Internships and job searches both bring with them the need to broach difficult topics with your supervisor. Though important discussions regarding full-time employment, salary and job searching can be scary, avoiding them may lead to more difficulty down the road. Open conversations are always a good policy.
Opening yourself up for criticism – even constructive criticism – takes a while to get used to because it’s hard to hear that, despite your best efforts, you might still be doing some things wrong. Here’s the flip side: if you never ask for feedback, you’re going to continue doing it wrong. Consider talking to your internship supervisor to schedule a meeting for 15-30 minutes every week. Go over what you’re working on, challenges you’re facing and make a point to ask each time if there are areas that you can improve or ways to take your work to the next level. Sometimes you’ll have a lot to discuss and other times you won’t, but you’ll be surprised at the difference that opening yourself to feedback will have on the internship experience.
Tip: Be specific. Simply asking, “Do you have any feedback for me?” may not do the trick. Prompt your supervisor’s memory by asking about specific projects, initiatives or challenges.
Asking for Time Off
You want to impress at your internship, so asking for time away from the office is challenging but a necessary evil. Taking sick days, going to doctor’s appointments or making time to travel home for the holidays are essential to staying on point and healthy at work. Make sure to clear taking time out of the office with your supervisor in advance whenever possible, since being out may cause more work for others on your team.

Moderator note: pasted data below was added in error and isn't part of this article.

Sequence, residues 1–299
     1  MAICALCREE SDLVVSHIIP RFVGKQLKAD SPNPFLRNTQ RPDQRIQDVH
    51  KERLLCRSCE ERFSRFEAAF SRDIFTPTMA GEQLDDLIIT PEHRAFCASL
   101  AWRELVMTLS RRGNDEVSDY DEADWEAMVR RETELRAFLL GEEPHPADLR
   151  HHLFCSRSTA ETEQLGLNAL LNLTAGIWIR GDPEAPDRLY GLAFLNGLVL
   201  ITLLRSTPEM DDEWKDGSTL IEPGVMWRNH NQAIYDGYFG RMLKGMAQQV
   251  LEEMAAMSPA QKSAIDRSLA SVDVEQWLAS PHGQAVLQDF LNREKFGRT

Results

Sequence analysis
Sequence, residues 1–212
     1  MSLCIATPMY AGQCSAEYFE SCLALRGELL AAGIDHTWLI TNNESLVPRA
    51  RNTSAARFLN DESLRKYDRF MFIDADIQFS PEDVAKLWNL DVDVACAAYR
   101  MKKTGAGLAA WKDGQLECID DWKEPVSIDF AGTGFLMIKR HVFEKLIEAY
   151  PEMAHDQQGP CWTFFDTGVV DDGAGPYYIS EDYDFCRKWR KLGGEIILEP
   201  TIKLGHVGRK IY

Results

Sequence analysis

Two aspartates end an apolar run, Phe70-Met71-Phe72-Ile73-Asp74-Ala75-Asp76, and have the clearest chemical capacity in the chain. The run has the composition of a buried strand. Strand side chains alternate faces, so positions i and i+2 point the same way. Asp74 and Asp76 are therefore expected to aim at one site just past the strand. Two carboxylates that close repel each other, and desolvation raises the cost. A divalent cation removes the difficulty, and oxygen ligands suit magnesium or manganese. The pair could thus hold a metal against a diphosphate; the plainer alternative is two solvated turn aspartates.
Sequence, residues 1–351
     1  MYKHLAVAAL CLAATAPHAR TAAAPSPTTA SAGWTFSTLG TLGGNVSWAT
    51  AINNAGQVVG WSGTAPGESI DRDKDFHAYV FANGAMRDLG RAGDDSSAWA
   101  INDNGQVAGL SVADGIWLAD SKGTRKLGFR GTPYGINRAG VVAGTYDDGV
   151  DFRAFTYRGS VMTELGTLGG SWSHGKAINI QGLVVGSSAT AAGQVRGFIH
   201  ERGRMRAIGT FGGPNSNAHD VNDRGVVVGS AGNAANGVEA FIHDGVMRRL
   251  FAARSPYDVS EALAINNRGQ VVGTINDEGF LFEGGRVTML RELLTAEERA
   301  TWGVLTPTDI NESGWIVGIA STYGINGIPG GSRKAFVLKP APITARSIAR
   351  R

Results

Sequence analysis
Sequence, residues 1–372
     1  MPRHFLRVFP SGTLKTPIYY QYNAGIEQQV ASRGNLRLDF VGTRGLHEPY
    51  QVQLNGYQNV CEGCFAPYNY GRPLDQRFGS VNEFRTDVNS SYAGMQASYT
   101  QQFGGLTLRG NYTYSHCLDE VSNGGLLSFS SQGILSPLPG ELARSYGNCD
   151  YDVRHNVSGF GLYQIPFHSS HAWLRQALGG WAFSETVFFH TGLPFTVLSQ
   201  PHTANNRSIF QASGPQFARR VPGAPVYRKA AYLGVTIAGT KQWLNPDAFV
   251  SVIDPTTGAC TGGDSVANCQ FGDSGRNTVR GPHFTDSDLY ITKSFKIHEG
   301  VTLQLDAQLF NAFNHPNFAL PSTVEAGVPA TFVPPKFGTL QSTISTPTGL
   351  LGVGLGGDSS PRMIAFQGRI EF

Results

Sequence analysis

Tip: On the same note, be willing to work late the day before you’ll be out or tackle daily duties from home. Expressing the desire to go above and beyond will ease the conversation.
Applying for Other Jobs
Once you start looking for a full-time job, it’s important to sit down with your supervisor to tell them of your intentions. Why is this necessary? That’s none of their business, right? Not quite. Internship supervisors are in charge of staffing internship positions and, if you’re thinking about accepting a full-time position elsewhere, they’re going to have to fill it. (Plus, it’s just the right thing to do.) The point of interning is to gain experience so that you can land a job after graduation. Good employers understand that and won’t be upset upon hearing that you’re job searching. In fact, it shows motivation and forward thinking.
Tip: Be prepared to answer questions about timing. If you landed a new position, when would it start? Your supervisor will want to know because it will influence the projects thrown your way, as well as when to start searching for a new intern.
In 2014, let’s resolve for open and honest career conversations. What other tough conversations have you encountered in the workplace, and how did you deal with them?
“Intern Talk” is a monthly guest column produced by Ellie Boggs, vice president of career services. The column covers various aspects of the public relations industry, giving PRSSA members the tools to secure internships and make the most of their professional experiences. For more career resources, visit the PRSSA Career Manual and Internship Center.